A very belated and very happy new year to you, dear reader. Today, the daffodils in the roundabout at the end of the road have burst into flower – Vita, in her pushchair, looked rather puzzled as I manically pointed to them in joy. Hooray, spring is on the way… and so, I hope you’ll be pleased to hear, are some thoughts on The Tiger Who Came to Tea.
I have been reading proper grown-up books – promise! – but I couldn’t resist writing about this children’s book. I think it haunts me so much because of a conversation I had in the bookshop, back before Vita was even thought about.
An elderly lady came in one day and asked me to find her The Tiger Who Came to Tea. Then she asked me to look up what year it was published.
I told the lady 1968, which felt slightly odd, because I suppose I’d always thought of it as sort of timeless – aren’t all classics? – and I briefly wondered what on earth children read before Judith Kerr created her tea-taking tiger.
The lady said that was the year she came to England from Czechoslovakia. A lot happened in 1968, she said. Then silence, as the full weight of her words sunk in, and I thought: what can I possibly say to someone who fled The Prague Spring? So I commended her on her choice of children’s book, telling her it was one of my favourites. The lady smiled and said it was one of hers too.
The Tiger who Came to Tea has become one of Vita’s favourites too. I have spent hours reading it to her over the past fifteen months, sitting together on the sofa, in bed, on the floor, usually in a static fuzz of exhaustion. In these peaceful moments of turning the pages together, I often think of the lady in the bookshop arriving in England in the same year that the tiger first arrived for tea.
Judith Kerr was a refugee too. She left Berlin in 1933, fleeing the Nazis with her parents – a journey she wrote about beautifully in her autobiographical novel When Hitler Stole Pink Rabbit. Children’s author Michael Rosen is not the only person to posit that her tiger could symbolise the Gestapo, who were likely to turn up at The Kerrs’ front door, unannounced and threatening. While the tiger certainly turns everything upside down, eating all the food and drinking all the drink, he also lets Sophie cuddle and stroke him, which makes me feel he is too friendly a tiger to be a Nazi.
Instead, I have come to think of the tiger as an outsider, like Kerr, and like the Czech lady in the bookshop. If the tiger does stand for a refugee asking to enter the country, then Kerr has picked a significant moment for his arrival, for surely there is no more quintessentially English tradition than that of tea?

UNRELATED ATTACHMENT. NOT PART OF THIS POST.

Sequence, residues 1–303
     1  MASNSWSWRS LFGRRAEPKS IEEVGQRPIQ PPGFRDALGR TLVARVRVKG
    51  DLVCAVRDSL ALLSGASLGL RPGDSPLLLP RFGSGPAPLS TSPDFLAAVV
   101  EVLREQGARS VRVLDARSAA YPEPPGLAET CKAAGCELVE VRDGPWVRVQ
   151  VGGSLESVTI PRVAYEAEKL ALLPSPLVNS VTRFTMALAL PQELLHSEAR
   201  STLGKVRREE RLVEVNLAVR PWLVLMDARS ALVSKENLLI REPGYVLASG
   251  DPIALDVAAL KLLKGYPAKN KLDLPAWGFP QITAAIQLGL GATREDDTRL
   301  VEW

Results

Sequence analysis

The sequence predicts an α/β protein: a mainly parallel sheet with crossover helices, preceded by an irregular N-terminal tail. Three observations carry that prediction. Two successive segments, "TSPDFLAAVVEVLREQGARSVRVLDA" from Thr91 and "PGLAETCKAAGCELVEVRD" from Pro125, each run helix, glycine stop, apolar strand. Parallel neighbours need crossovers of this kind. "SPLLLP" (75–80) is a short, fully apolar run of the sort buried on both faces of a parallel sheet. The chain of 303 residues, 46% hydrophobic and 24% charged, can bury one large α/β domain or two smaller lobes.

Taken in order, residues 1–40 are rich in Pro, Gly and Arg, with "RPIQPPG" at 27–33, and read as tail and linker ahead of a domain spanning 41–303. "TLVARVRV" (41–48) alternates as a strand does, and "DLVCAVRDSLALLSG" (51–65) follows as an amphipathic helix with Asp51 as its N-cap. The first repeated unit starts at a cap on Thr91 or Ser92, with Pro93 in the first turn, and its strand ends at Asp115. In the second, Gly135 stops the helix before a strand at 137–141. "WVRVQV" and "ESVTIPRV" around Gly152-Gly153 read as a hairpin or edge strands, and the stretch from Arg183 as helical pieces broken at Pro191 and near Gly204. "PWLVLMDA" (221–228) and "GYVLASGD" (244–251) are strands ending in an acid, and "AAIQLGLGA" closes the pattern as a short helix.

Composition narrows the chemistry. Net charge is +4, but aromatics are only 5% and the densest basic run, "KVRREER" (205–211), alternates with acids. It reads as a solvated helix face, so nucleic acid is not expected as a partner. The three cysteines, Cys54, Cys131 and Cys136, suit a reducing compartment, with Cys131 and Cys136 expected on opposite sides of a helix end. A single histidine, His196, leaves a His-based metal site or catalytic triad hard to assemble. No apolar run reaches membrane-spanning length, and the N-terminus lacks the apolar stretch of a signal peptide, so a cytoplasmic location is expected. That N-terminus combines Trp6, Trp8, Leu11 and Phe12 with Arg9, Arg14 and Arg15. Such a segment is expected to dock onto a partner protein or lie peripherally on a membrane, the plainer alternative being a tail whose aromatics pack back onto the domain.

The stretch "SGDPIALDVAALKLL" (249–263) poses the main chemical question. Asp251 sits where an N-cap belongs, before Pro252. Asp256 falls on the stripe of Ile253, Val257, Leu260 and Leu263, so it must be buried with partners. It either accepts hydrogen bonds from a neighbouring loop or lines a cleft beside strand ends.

Most of the book happens inside and the pages are white, pleasingly bright, as we move from Sophie’s kitchen to the bathroom, hall and living room. When Sophie’s Daddy decides they should go out for supper, however, we suddenly enter the world outside.
It is always a shock when we turn this page and the background changes from white to black, as the world expands from Sophie’s home to the length of a street, but – crucially – the street is not scary. Though the world outside is dark, it is also full of light: there is the soft yellow glow of the street lamps, the lit windows of the houses, and the warm circle of the moon (you can’t quite see it in the pic above, sorry). There is a jolly red bus, and the colourful shop fronts of the High Street – a toy shop, a fishmonger, butcher, florist and dress shop – most of them with the proprietor’s names inscribed above. There is also a cat, stripey like the tiger, only shrunk down to a normal, less frightening, size. The world outside in 1968 – the world of the tiger and other outsiders – is shown to be not such a terrible, terrifying place after all.
If only the High Street today were such a cosy, comforting spot, lined with independent shops with pretty awnings. Instead we’d be more likely to find the cold strip-lighting of a supermarket, charity shop and a nail bar – not so rosy a scene. Similarly, at the start of the book when the doorbell rings and Sophie’s mummy wonders who it could be, the possibilities seem almost ludicrously outdated: the milkman, or the boy from the grocer on his bicycle with a basket. When the doorbell rings today, it’s probably a courier with an internet-ordered package, or the Ocado man, who is different every time.
In a way, The Tiger Who Came to Tea is about the wonder of shopping – for resolution only comes when Sophie and her mummy go shopping and replenish their supplies. Only Kerr’s portrait of consumerism in 1968, with its milkman, the grocer’s boy on his bicycle and independent High Street shops, is rather a lovely one, showing that shopping then wasn’t just about buying things, it was also a means of creating a community. (Where on earth, though, did they buy that tin of tiger food? Is this some weird forecasting of the online ‘everything store’ that was to come?)
When I read the book with Vita on my knee, nearly fifty years after Kerr wrote it, I mourn the loss of the feeling of safety and community which lights up the world outside. I think what a wonderful welcome the tiger is given in 1968, when he turns up to tea … and I think of the Czech woman who came to England then, and Kerr who arrived thirty-five years before, and the welcomes they received.
Next time the door bell rings, once we get over our disappointment at no longer having a milkman, we ought to wonder what sort of welcome we’d give a tiger who came to tea today.